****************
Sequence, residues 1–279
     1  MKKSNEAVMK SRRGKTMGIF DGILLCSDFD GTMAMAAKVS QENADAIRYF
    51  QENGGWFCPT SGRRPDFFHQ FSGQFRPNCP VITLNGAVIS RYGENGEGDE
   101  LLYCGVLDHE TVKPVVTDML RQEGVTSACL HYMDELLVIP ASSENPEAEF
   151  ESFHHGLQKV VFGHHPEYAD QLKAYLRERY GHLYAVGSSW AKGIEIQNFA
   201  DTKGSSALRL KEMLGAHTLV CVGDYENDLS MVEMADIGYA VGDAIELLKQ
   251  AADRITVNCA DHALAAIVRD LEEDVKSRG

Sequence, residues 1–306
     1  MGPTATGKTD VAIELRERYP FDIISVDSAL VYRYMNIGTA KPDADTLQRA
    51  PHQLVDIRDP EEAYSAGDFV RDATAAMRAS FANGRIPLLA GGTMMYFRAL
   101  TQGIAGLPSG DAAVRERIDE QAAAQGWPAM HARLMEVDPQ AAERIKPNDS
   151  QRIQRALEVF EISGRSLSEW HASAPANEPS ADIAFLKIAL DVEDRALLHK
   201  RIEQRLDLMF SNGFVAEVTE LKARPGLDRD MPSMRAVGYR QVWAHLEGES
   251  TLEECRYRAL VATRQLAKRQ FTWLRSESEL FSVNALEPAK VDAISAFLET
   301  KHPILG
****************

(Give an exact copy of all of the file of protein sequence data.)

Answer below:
Sequence, residues 1–279
     1  MKKSNEAVMK SRRGKTMGIF DGILLCSDFD GTMAMAAKVS QENADAIRYF
    51  QENGGWFCPT SGRRPDFFHQ FSGQFRPNCP VITLNGAVIS RYGENGEGDE
   101  LLYCGVLDHE TVKPVVTDML RQEGVTSACL HYMDELLVIP ASSENPEAEF
   151  ESFHHGLQKV VFGHHPEYAD QLKAYLRERY GHLYAVGSSW AKGIEIQNFA
   201  DTKGSSALRL KEMLGAHTLV CVGDYENDLS MVEMADIGYA VGDAIELLKQ
   251  AADRITVNCA DHALAAIVRD LEEDVKSRG

Sequence, residues 1–306
     1  MGPTATGKTD VAIELRERYP FDIISVDSAL VYRYMNIGTA KPDADTLQRA
    51  PHQLVDIRDP EEAYSAGDFV RDATAAMRAS FANGRIPLLA GGTMMYFRAL
   101  TQGIAGLPSG DAAVRERIDE QAAAQGWPAM HARLMEVDPQ AAERIKPNDS
   151  QRIQRALEVF EISGRSLSEW HASAPANEPS ADIAFLKIAL DVEDRALLHK
   201  RIEQRLDLMF SNGFVAEVTE LKARPGLDRD MPSMRAVGYR QVWAHLEGES
   251  TLEECRYRAL VATRQLAKRQ FTWLRSESEL FSVNALEPAK VDAISAFLET
   301  KHPILG